Saturday, September 15, 2007

Fun Blog, Good Advice

Not long ago I stumbled across a relatively new blog, Millionaire Mommy Next Door. She uses treasure maps as a means of growing her money, which sound kooky, but I've used it and find it's a very effective tool for bringing money or whatever into your life. I make no claims as to understanding how it works - I suspect it's because it focuses your brain to look for opportunities, but some people view it as a form of prayer.

Anyway, I wanted to point out an excellent post titled "How to Make Money Management a Family Affair." The title is a bit too broad, since it doesn't really talk about getting the whole family involved in financial decisions so much as it focuses on teaching your child about money.

She mentions you can make a five-year-old a millionaire by 65 with a one time contribution of $9875 OR a monthly contribution of only $57. She provides a link, which also says you can achieve it with a $98 monthly contribution through age 18.

Right now, I put aside $30 a month for a college fund. Not enough, probably, but it should be about $7200 by the time she goes to college, at 8 percent. I'd love to make my child a millionaire, but I also would love to retire. So, maybe I'll focus more on the other tips so she can make her own million!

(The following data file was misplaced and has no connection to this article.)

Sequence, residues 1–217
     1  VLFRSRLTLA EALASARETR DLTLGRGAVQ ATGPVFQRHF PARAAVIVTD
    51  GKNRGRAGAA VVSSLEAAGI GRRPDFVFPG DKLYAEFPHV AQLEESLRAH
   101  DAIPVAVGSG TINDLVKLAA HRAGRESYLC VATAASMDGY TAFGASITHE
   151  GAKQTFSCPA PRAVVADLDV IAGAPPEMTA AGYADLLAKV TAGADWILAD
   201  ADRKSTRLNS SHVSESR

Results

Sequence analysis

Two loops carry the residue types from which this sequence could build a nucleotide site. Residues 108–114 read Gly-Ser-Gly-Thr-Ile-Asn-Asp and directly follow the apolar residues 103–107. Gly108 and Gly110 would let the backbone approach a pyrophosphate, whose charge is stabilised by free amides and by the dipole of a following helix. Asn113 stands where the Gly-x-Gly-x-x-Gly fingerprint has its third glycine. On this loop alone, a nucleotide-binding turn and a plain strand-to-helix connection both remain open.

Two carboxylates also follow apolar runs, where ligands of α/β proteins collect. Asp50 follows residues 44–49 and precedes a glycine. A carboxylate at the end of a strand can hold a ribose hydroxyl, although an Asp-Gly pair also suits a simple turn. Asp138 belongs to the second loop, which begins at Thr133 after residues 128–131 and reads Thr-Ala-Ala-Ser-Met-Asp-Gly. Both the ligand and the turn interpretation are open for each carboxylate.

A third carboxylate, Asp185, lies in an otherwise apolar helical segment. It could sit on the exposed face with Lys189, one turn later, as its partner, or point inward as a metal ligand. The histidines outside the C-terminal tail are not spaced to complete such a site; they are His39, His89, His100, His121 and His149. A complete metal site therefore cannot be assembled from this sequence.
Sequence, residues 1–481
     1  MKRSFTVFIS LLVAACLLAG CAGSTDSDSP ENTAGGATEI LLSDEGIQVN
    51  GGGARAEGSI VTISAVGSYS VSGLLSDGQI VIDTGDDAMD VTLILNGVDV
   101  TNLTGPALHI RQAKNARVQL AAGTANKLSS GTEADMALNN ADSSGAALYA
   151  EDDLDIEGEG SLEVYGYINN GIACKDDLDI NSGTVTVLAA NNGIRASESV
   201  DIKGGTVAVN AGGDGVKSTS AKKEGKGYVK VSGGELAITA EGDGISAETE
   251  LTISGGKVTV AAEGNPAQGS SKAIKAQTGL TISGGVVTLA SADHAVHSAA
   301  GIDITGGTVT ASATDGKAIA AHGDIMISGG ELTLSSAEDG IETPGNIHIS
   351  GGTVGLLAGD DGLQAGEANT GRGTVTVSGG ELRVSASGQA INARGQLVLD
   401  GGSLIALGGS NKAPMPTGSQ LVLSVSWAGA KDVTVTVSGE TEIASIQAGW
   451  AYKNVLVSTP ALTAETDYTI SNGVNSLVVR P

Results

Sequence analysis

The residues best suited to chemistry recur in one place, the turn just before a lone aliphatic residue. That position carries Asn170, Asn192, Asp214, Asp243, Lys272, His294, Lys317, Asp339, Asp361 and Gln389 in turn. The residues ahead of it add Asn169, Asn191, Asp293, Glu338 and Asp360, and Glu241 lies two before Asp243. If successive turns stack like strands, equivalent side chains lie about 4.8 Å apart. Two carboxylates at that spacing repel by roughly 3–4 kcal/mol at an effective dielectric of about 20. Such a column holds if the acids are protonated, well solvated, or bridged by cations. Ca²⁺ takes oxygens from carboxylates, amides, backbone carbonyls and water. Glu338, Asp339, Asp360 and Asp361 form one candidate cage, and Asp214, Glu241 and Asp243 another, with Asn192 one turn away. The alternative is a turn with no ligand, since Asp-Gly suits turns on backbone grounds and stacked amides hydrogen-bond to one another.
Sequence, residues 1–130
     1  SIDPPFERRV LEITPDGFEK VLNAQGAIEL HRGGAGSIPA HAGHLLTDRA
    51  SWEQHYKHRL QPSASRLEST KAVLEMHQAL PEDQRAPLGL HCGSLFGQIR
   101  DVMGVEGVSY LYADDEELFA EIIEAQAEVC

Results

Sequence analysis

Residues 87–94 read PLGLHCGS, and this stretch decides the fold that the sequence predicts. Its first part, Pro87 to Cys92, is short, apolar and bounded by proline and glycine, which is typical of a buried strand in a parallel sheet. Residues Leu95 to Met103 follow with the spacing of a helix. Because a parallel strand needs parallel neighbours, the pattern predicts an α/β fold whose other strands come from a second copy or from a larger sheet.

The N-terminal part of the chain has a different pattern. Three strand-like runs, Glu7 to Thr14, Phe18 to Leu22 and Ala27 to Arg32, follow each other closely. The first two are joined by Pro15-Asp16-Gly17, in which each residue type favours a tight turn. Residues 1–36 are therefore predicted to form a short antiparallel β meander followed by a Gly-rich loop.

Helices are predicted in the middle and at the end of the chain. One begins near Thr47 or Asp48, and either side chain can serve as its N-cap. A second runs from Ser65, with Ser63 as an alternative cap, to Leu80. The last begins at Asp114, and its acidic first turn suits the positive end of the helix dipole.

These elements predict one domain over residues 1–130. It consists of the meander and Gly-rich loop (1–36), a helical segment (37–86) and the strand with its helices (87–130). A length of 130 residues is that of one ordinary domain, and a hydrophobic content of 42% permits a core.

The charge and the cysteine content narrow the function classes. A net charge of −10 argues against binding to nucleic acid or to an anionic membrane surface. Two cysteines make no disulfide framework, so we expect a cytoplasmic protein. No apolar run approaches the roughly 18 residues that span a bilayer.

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Anonymous Anonymous said...

Thanks, Loraine, for discussing my blog on yours and providing links!

I love your blog's vision statement (in header). I'm looking forward to reading your observations and ideas!

Quick feedback re: your comments about saving for your kids' college education-- In the long run, I (and many financial advisers as well) recommend making your retirement savings top priority. Your kids will have other means for college money if needed (like low interest loans, grants), they'll be young (time on their side), and have a full career life ahead of them. At retirement, you won't have these things. Save for your kids education once you have your retirement figured out first. Besides, your kids will find it easier to pay for college than to pay for your care during your retirement-- all while trying to save for their own retirement.

That said, if you can afford to save for both at the same time, do it!

10:29 AM  

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